It’s made open education popular. Before you couldn’t get a meeting, now they’re callig you.
    It was on Newsnight!
    George: if education was grunge, MOOCs were its Nirvana
  • Impact is being recognised of online identity
    Blogging isn’t just for weirdos
    Picked up by press, leads to citations, networks, keynote – vital part of modern academic identity
    Formal part of many research projects now – dissemination, network, alternative media
  • Digital scholarship - all day workshop

    1. 1. Digital Scholarship Martin Weller
    2. 2. This morning • 10-10.15 Introduction (15 mins) • 10.15 – 11.15 Digital Scholarship overview (1hr) • 11.15 – 11.45 Discussion (30 mins) • (Coffee?) • 11.45 – 12.15 Looking at some tools (30 mins) • 12.15 – 12.45 Planning a strategy (30 mins) • 12.45 – 13.00 Plenary (15 mins) • 13.00 – 14.00 Lunch!
    3. 3. Aims of the day • To raise awareness of digital scholarship – Possibilities – Issues – Concepts • To share concerns/experience • To develop a strategy to take away • To provide a ‘toolkit’ for working digitally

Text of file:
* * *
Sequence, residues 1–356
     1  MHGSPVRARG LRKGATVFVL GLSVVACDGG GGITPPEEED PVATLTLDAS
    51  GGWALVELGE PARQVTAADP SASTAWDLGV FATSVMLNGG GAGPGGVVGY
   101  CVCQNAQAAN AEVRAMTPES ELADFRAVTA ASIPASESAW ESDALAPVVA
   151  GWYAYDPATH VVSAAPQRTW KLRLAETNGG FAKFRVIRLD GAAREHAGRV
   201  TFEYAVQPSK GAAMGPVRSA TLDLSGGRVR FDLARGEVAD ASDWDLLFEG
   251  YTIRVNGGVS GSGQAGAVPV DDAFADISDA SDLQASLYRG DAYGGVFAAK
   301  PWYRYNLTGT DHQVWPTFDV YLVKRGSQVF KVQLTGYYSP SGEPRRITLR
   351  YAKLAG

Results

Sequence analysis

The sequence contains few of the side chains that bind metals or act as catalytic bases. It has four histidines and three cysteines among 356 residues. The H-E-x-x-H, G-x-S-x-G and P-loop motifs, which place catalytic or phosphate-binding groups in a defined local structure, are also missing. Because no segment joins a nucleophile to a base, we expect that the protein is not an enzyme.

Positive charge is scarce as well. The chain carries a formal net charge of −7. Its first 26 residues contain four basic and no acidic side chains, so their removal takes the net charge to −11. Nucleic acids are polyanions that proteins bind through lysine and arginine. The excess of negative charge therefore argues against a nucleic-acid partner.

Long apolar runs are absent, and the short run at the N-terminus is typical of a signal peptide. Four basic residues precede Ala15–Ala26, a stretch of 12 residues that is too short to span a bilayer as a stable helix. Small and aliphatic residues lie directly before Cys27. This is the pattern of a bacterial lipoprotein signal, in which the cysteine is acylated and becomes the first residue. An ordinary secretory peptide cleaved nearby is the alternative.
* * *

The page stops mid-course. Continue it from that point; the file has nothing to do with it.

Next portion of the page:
4. 4. Introduction State one anxiety & one thing that interests you about digital scholarship
    5. 5. 5 Digital Scholarship lessons Martin Weller
    6. 6. Aim of this session Get us thinking and talking about issues in digital scholarship
    7. 7. <Alternative title> Some things I’ve come to believe after thinking about the impact of technology for a few years, accompanied by some tenuously connected, and sometimes amusing, videos
    8. 8. The Digital Scholar book
    9. 9. Definition
    10. 10. What is open scholarship? Anderson (2009) open scholars: • create; • use and contribute open educational resources; • self archive; • apply their research; • do open research; • filter and share with others; • support emerging open learning alternatives; • publish in open access journals; • comment openly on the works of others • build networks